The U.S.S.R. dramatically accelerated its atomic weapons program following the U.S. bombings of Hiroshima and Nagasaki, and successfully tested its first plutonium bomb in 1949. An arms race between the United States and the Soviet Union quickly ensued, leading to a massive stockpile build-up, the development of even deadlier thermonuclear weapons, and new vehicles by which they might be delivered.
Unprecedented nuclear testing and the Cuban Missile Crisis in 1962 sparked a global conversation about nuclear weapons, leading to a period of diplomatic discussions aimed at reducing the risk of catastrophe. The U.S.S.R. became a signatory to several of these treaties until its collapse in 1991. The Russian Federation was recognized as the natural successor to the Soviet nuclear arsenal of more than 30,000 nuclear warheads, as well as all treaty requirements.
However, the fall of the Soviet Union presented a particularly tricky situation regarding NPT treaty obligations. Usable nuclear infrastructure and an estimated 3,200 nuclear warhead equipped missiles were suddenly within the territory of the newly sovereign states of Ukraine, Kazakhstan, and Belarus. Through a series of diplomatic negotiations, the three countries eventually agreed to give up their strategic and non-strategic nuclear arsenals in exchange for respect for their sovereignty and nuclear security protections.
Russia now has the largest nuclear inventory in the world and is a designated Nuclear Weapons State under the Nuclear Non-Proliferation Treaty (NPT). The country has made significant progress toward fully modernizing its Soviet-era nuclear weapons and delivery systems. Russia and the United States continue to operate under the obligations of the New Strategic Arms Reduction Treaty (New START), which puts limits on offensive strategic arsenals and ensures deeper transparency between the two states. New START was extended for five years during the early days of the Biden administration and is set to expire in 2026. After decades of arms control agreements between the United States and Russia, New START is the last remaining nuclear disarmament treaty between the world’s two biggest nuclear powers.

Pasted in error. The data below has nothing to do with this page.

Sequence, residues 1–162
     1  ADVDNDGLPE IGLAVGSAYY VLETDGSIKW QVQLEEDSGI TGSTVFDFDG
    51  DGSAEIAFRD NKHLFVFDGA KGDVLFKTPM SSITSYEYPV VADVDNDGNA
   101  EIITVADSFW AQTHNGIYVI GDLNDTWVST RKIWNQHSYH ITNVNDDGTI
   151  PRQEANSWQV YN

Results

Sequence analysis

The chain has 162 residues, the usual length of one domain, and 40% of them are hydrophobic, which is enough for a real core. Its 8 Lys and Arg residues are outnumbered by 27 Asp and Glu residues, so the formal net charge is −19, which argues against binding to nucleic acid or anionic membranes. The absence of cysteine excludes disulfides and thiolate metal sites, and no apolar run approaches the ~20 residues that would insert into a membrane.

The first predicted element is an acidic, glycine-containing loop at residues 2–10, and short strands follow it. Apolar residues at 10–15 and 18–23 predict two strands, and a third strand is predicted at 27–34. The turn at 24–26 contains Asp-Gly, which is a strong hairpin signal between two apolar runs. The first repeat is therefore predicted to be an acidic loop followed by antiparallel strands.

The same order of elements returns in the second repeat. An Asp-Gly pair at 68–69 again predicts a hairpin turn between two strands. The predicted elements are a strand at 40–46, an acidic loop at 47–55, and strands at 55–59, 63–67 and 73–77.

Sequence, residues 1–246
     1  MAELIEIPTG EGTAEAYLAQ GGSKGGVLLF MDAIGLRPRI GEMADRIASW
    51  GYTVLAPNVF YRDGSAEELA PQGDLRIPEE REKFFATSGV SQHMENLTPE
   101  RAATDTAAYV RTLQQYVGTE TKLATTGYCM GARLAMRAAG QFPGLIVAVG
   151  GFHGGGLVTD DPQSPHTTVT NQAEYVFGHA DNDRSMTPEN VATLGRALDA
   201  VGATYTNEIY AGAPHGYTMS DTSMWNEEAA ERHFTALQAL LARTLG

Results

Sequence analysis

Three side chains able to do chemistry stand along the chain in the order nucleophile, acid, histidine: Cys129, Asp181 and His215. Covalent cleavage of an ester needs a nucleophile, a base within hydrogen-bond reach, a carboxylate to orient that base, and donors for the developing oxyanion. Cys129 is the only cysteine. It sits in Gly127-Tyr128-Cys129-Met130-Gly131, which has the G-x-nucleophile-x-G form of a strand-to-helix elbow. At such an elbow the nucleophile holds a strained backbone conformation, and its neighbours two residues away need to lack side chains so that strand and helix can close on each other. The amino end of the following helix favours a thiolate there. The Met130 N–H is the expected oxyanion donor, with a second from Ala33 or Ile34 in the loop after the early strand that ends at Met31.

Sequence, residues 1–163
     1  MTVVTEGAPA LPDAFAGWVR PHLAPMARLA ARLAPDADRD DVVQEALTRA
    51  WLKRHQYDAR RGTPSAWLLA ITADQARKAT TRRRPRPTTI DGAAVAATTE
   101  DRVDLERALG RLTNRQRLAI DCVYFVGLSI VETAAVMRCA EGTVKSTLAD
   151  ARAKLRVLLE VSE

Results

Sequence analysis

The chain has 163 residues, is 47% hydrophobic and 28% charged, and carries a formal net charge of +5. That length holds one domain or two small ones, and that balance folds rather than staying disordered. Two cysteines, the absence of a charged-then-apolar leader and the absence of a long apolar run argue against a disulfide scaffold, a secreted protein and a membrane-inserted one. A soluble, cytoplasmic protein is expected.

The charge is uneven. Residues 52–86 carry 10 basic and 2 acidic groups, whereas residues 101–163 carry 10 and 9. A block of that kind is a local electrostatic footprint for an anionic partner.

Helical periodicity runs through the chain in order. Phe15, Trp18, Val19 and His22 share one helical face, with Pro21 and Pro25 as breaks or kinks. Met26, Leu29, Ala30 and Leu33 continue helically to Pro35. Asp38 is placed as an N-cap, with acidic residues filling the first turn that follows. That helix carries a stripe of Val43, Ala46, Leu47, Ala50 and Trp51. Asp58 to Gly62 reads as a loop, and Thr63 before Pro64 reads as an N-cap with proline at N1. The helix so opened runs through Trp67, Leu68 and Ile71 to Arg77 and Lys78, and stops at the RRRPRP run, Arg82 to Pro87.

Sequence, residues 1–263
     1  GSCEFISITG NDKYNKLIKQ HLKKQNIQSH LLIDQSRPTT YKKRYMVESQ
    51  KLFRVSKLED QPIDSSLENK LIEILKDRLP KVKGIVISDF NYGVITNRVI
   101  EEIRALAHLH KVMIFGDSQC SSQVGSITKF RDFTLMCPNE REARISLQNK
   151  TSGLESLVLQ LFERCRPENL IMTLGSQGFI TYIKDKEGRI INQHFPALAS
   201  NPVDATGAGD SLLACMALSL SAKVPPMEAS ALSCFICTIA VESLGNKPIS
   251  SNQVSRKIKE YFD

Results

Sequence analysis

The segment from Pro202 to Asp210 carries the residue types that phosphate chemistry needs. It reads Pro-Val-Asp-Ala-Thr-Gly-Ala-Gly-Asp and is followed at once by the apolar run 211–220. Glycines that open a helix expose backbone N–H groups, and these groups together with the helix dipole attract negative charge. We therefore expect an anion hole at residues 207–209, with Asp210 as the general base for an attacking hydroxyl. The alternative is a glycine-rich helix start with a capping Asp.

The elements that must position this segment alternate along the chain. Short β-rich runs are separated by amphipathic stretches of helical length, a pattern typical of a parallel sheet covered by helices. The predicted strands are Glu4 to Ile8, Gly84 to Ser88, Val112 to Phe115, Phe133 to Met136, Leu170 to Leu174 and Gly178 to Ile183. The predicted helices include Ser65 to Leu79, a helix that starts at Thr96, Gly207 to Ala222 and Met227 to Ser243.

Russia’s nuclear triad consists of air, land, and sea delivery systems, all of which are in the process of modernization.
Russia is estimated to possess roughly 5,977 nuclear warheads, of which 1,588 are actively deployed. A slight majority of these weapons are designated as strategic, while the minority appear to be non-strategic (tactical). Consistent with arms control agreements such as START and New START, Russia’s strategic arsenal has decreased significantly since the end of the Cold War.
Russia has approximately 68 heavy bombers in its nuclear air fleet. They consist of two divisions: the Tu-160 (Blackjack) and the Tu-85MS (Bear H). The Bear H class makes up the majority of its fleet, each of which can carry up to 16 AS-15 missiles, or roughly 700 nuclear warheads when combined. Current modernization efforts aim to equip their fleet with nuclear cruise missiles.
Russia’s operational nuclear force consists of 11 nuclear-powered ballistic missile submarines (SSBNs), separated into three classes. The Delta and Boreii, the current active classes, can carry up to 16 SLBMs (the SS-N-23 “Skiff” and the Bulava SS-N-32) that are capable of delivering up to 624 nuclear warheads. Russia’s strategic naval force is currently constructing up to 10 additional and improved Boreii class nuclear submarines, all of which are expected to be completed by 2027 but face severe resource constraints. In addition to their fleet of strategic nuclear submarines, Russia has an additional 26 nuclear-powered submarines that consist of 17 attack SSNs and 9 SSGNs carrying various conventional cruise missiles.
It is estimated that Russia has roughly 306 strategic ICBMs that carry up to 1,185 nuclear warheads. Most notable among these ICBMs are the SS-27 Mod 1 (Topol-M) and the SS-27 Mod 2 (Yars), both capable of carrying multiple nuclear warheads (MIRVs). Additionally, Russia is currently developing the Sarmat (SS-X-30) missile that is advertised as larger and more capable than previous designs. Alongside the Sarmat, Russia is also developing a hypersonic glide vehicle known as Avangard.